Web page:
Cocoa contains biologically active flavonols and

polyphenols. Flavonols have recently been the sub-

ject of much research. They have been found to en-

hance vasodilation which in turn decreases blood

pressure and increases peripheral blood flow to the

muscles as well as to the brain. Cocoa has also been

shown to improve lipid metabolism. And interna-

tional researchers have recently uncovered even more

healthy properties associated with the flavonol an-

tioxidants found in cocoa beans.

Eighteen chocolate-centered studies—including

investigations of how cocoa might affect blood pres-

sure, heart disease, painful nerve disorders and can-

cer risk—were presented at the American Chemical

Society’s annual meeting in March 2012. These stud-

ies establish the biological plausibility of antioxidant

effects of dark chocolate in small groups and even

demonstrated the potential harm-reducing effects for


But don’t look for health benefits from your fa-

vorite milk chocolate candy bar. Most of the studies

used unsweetened regular cocoa powder. There’s a

couple of degrees of separation because when you

make chocolate you add fat, in the form of cocoa but-

ter and sugar. And nobody’s going to eat a tablespoon

of unsweetened cocoa. So the studies used cocoa-

flavonoid compound supplements, with average

doses of 400 to 500 milligrams. Which is equivalent

to 32 bars of milk chocolate or eight to nine bars of

dark chocolate. Too much for even the most die-hard


But no matter how much you love dark chocolate,

it simply can’t substitute for healthy eating, exercise,

and above all, cutting back on smoking.

You can find cocoa flavonol extract supplements

with up to 1,000 mg in natural supplement shops and

from online supplement retailers.

The Insider’s Answer for Dodging Dementia


Page 7: Dodging Dementia & Alzheimer

Virgin Coconut Oil

Coconut oil, in its virgin state, is a tropical oil

consisting of medium-chain fatty acids that convert

readily into energy and are not stored in the body as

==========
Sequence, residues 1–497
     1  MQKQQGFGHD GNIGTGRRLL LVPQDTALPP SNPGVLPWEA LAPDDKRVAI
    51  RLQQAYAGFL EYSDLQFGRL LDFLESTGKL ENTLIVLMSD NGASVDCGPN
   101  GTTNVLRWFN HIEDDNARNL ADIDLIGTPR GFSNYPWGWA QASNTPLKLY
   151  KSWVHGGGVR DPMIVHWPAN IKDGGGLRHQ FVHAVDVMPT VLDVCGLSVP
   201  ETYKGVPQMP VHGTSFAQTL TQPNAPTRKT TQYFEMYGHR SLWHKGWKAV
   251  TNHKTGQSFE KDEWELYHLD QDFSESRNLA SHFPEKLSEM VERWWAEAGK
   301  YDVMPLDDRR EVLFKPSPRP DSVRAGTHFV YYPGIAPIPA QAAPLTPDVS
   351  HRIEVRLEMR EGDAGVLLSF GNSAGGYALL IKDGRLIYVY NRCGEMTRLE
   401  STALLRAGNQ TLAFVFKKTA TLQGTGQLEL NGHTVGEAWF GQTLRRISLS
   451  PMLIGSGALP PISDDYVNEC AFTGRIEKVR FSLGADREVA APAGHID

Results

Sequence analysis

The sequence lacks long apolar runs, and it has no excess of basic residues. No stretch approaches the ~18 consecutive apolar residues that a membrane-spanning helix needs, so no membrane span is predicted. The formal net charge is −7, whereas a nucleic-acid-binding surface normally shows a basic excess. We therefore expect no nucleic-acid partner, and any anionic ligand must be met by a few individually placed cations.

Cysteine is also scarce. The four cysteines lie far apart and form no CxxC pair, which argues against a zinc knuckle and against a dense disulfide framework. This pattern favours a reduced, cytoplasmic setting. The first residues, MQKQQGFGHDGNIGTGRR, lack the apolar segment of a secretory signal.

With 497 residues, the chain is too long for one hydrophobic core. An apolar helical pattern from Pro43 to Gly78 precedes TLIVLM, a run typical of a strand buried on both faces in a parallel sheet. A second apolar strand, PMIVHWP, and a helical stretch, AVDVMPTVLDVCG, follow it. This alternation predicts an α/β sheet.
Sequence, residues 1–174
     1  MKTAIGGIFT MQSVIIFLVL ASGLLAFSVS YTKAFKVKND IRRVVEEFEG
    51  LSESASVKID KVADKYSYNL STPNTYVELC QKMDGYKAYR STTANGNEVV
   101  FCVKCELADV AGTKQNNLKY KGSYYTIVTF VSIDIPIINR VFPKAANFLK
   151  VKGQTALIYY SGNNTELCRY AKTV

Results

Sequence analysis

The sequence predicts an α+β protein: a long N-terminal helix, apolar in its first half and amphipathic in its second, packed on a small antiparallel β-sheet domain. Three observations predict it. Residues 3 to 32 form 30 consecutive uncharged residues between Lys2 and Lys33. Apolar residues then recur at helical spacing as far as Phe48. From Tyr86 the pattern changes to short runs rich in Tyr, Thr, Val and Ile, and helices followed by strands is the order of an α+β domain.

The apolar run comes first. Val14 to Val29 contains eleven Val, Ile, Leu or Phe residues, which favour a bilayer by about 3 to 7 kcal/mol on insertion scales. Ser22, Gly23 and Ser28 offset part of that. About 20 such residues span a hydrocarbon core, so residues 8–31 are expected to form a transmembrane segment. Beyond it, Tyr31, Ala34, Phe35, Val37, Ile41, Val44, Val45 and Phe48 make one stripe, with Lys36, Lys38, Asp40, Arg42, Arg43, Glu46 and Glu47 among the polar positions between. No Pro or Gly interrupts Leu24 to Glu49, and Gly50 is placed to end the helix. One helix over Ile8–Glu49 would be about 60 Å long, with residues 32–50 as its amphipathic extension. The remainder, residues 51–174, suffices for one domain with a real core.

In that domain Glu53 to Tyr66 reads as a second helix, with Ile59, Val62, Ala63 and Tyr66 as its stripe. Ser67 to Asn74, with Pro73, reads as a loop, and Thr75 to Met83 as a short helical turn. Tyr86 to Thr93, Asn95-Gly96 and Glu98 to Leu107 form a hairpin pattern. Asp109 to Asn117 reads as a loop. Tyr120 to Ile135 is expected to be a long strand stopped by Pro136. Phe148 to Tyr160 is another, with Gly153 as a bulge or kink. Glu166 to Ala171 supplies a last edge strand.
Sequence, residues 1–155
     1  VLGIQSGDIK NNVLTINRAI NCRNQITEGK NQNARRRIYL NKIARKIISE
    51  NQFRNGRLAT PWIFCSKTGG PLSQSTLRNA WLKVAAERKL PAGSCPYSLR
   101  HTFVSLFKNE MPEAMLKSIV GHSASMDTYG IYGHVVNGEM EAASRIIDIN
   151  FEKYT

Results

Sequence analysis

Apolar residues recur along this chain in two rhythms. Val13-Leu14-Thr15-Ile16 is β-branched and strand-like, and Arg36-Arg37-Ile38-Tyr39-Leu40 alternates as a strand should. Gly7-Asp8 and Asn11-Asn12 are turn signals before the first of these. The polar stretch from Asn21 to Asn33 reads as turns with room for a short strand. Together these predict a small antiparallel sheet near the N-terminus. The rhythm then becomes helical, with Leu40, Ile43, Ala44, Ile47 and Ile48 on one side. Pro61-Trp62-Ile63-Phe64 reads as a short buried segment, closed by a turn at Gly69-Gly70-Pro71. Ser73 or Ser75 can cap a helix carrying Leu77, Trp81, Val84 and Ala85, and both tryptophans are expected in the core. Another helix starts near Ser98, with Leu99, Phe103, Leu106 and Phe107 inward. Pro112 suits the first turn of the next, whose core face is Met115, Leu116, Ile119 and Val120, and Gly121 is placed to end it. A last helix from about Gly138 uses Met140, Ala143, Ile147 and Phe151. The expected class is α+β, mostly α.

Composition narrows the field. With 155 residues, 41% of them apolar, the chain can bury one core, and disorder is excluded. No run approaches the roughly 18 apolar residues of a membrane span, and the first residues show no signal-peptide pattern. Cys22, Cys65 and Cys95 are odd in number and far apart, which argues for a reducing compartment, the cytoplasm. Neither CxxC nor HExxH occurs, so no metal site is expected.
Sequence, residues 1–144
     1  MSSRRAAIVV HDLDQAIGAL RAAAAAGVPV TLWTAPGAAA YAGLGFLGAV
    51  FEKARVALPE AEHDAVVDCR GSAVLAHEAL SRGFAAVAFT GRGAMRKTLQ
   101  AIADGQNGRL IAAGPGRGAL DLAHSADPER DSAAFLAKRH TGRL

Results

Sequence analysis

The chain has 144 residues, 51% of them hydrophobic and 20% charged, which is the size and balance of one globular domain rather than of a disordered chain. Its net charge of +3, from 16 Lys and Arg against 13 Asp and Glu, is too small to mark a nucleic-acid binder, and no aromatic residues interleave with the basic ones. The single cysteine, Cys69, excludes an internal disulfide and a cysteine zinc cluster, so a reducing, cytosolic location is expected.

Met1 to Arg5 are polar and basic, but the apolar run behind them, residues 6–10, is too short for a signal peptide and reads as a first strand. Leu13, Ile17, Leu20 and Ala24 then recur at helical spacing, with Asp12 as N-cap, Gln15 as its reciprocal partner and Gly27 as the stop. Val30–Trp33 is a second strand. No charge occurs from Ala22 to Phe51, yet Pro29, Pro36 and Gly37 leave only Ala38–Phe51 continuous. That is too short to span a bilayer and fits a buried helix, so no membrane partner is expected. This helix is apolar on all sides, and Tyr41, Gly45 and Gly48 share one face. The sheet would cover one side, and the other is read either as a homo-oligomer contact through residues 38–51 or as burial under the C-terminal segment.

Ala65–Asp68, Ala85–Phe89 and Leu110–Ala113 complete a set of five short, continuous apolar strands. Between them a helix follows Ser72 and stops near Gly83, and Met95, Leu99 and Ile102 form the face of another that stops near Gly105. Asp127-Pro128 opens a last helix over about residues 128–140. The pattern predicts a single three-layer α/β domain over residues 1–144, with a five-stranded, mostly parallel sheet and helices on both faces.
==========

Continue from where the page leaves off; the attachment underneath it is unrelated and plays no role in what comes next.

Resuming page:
fat. These kinds of essential fats are important for

brain tissue cell membranes and neuronal sheaths.

A saturated fat, it has been maligned for several

decades as a result of misinformation by the vegetable

oil industry (see the Weston A. Price Foundation’s

website at Alternative health

practitioners advocate coconut oil consumption for

weight loss and maintenance regimens. Coconut oil is

a rich source of lauric acid and monolaurin, known

agents that are being explored by pharmaceutical com-

panies for drug development potential. Coconut oil

lowers lipoprotein cholesterol levels in the blood and

tissues and lowers lipoprotein markers for heart attack.

A dosage of 20 grams (20,000 mg), essentially in food

quantities, appears beneficial.


Taurine is so named because it was initially iso-

lated from ox bile (Taurus, the bull). It is a beta-

amino acid gaining attention from researchers and

supplement manufacturers for health-promoting and

anti-aging properties.

Research has shown taurine plays a role in the

function of skeletal muscles and the central nervous

system, as well as regulating blood pressure and glu-

cose levels. It’s also being explored as an adaptogen

and anti-anxiety agent. Taurine has been identified as

an amino acid neurotransmitter. A dose of 500 mg per

day offers sufficient health benefits.


Lutein is a prominent constituent of green, leafy

vegetables. I helped discover its role in human metab-

olism and nutrition in the 1980’s. Since then, it has de-

veloped a role in vision and eye health as a dietary

supplement. Since the eye contains neurological tissue,

this has led to current interest in its possible benefits

for the brain. In addition to eating green leafy vegeta-

bles, a daily dose of 12 mg of lutein is recommended.

Going above and beyond for total protection

In addition to supplementation, staying active

(mentally and physically) will help keep your brain

fit as well as your body. Do the daily crossword puz-

zle and keep up with your monthly Insiders’ Cures

newsletter and Daily Dispatch emails.

A healthy diet and maintaining a healthy weight

is also important (see The “Top of the Food Chain”

Cure for Obesity in your free Library of Confidential

Cures). And controlling blood pressure and heart dis-

ease is key to maintaining healthy circulation and

blood flow to the brain (and to avoiding strokes) (see

High Blood Pressure—Silent, Deadly, but Easily

Overcome in your free Library of Confidential

Cures). Controlling diabetes is also critical as high

blood sugar can destroy nerves and the blood vessels

that supply them.

Not to be overlooked…

In late-breaking news, the FDA has now issued a

warning that statin drugs for lowering cholesterol

(see High Blood Pressure—Silent, Deadly, but Easily

Overcome in your free Library of Confidential Cures)

may cause memory loss and confusion, in addition to

raising cancer rates and interfering with blood sugar

in diabetes.

And in an ongoing effort to bring you the whole

truth about tobacco (and not just the politically cor-

rect version), it has been found that nicotine improves

dementia and cognitive impairment (see The Day Sci-

ence went Up in Smoke in your free Library of Confi-

dential Cures).

The Insider’s Answer for Dodging Dementia


Page 8: Dodging Dementia & Alzheimer